When is Miss Maudie ever mean in the book To Kill A Mockingbird?please give  me a chapter or a page number.

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ajmchugh eNotes educator| Certified Educator

I'm not sure I'd ever describe Miss Maudie as being "mean" in To Kill A Mockingbird.  However, she does stand up for what she believes is right, and her assertive words might, to some, come across as being short or biting.

One such incident occurs in Chapter 24, when Miss Maudie is invited to participate in Aunt Alexandra's missionary circle.  For most of the meeting, Miss Maudie sits quietly and listens to the women gossip about people in Maycomb.  In short, Mrs. Merriweather begins to complain that Sophy, her housekeeper, has been "sulky" lately; this is an obvious reference to her upset about the Tom Robinson trial.  Shortly after, Mrs. Merriweather indirectly criticizes Atticus, in whose house she is presently sitting, by saying,

Gertrude, I tell you there are some good but misguided people in this town.  Good, but misguided.  Folks in this town who think they're doing right, I mean.  Now far be it from me to say who, but some of 'em in this town thought they were doing the right thing a while back, but all they did was stir 'em up.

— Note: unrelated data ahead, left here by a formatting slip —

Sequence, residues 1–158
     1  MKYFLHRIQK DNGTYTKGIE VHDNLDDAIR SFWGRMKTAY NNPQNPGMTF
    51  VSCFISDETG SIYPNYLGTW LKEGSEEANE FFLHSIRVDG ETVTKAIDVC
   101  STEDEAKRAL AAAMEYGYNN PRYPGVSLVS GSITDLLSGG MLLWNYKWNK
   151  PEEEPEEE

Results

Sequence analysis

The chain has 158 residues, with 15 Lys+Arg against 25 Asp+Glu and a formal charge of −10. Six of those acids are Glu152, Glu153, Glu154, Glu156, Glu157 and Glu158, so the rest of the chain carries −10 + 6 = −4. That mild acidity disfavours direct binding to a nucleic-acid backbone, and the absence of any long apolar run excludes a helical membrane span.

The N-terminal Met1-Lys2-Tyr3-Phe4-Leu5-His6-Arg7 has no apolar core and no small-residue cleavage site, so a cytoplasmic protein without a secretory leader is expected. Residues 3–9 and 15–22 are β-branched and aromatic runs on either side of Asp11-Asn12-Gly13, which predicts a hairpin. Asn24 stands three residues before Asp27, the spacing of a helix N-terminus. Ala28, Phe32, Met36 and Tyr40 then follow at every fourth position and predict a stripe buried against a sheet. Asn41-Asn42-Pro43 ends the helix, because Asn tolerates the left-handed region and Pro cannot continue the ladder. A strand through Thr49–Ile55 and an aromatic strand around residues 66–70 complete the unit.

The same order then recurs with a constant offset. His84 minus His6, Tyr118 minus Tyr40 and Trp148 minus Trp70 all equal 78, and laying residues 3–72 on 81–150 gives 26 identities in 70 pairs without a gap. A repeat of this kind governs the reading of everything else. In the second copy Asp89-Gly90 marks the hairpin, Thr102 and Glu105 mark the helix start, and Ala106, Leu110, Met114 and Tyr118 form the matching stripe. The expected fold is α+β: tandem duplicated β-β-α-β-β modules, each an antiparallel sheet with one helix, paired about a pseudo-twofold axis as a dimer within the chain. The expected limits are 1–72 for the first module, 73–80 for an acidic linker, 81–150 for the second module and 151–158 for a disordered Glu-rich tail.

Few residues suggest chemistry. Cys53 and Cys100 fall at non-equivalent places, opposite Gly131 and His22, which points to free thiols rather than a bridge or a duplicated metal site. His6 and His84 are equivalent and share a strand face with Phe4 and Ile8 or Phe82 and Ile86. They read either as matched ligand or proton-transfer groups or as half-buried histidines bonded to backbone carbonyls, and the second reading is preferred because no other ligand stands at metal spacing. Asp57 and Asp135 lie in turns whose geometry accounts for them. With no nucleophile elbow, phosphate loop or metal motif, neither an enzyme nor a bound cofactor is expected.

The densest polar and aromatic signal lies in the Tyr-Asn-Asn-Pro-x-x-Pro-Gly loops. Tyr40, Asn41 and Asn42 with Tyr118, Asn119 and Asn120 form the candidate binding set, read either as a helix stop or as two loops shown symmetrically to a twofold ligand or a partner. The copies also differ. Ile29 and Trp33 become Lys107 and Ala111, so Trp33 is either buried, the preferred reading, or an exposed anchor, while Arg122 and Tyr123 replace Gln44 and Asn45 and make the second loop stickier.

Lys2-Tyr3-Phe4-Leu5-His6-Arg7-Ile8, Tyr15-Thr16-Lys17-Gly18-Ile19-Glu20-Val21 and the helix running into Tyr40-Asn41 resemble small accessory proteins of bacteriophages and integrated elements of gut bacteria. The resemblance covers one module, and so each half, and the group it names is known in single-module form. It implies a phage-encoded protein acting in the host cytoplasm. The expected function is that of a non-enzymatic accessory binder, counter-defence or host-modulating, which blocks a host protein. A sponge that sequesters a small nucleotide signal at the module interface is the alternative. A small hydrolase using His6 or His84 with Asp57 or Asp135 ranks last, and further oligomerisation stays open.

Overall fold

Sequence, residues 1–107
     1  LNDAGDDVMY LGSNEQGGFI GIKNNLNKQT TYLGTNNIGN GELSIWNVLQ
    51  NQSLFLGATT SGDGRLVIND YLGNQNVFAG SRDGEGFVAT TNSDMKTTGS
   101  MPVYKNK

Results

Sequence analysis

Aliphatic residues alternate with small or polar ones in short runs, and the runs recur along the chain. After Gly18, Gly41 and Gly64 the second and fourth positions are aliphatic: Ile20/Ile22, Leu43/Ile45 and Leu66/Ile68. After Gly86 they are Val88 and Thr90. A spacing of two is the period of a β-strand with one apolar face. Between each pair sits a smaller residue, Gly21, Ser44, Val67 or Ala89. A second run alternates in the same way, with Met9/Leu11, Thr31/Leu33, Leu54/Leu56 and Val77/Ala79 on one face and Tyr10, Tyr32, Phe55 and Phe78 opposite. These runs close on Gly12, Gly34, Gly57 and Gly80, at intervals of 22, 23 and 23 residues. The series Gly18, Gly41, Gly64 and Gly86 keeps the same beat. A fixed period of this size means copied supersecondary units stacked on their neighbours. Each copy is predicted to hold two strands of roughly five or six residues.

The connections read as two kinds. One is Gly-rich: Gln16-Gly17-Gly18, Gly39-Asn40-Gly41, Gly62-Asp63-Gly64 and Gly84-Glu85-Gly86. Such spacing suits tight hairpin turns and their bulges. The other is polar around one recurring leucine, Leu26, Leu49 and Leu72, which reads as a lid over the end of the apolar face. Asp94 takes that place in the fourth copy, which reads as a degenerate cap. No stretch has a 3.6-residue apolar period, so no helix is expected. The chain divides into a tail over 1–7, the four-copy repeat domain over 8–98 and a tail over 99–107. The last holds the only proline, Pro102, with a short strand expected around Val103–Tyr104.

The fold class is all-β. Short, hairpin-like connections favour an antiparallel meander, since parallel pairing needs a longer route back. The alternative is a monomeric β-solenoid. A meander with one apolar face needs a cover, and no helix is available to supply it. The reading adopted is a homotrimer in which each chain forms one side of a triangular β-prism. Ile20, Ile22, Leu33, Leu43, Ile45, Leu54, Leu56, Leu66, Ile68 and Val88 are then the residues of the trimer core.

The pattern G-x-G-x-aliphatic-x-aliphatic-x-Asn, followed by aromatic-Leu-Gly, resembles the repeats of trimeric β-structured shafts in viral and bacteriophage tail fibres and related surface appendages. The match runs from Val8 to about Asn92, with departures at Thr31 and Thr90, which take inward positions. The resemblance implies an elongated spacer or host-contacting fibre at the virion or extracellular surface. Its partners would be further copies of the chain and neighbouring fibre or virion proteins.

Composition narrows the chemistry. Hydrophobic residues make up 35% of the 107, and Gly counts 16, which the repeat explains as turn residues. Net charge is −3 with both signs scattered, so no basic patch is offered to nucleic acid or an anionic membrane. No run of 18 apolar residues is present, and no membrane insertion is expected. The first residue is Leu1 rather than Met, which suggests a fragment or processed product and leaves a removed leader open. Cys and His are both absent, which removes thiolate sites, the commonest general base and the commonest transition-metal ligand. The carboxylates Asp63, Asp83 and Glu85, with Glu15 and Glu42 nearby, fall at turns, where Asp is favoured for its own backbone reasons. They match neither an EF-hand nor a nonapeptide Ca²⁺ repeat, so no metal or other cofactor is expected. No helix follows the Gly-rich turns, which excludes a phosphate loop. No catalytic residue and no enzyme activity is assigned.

With this, Miss Maudie, who certainly does not share the missionary circle ladies' views, feels she has to speak up:

His food doesn't stick going down, does it?

Obviously, Maudie is pointing out the fact that Mrs. Merriweather has the audacity to sit in Atticus's house, eat his food, and criticize him at the same time.  When Mrs. Merriweather claims she doesn't know what Miss Maudie means, Miss Maudie says, "I'm sure you do." Then, Scout explains:

She said no more.  When Miss Maudie was angry her brevity was icy.  Something had made her deeply angry, and her gray eyes were as cold as her voice.

Again, I'm not sure that I'd label Miss Maudie as "mean" at any point in the novel.  As I said before, though, she does assert herself and stand up for what she believes is right.

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To Kill a Mockingbird

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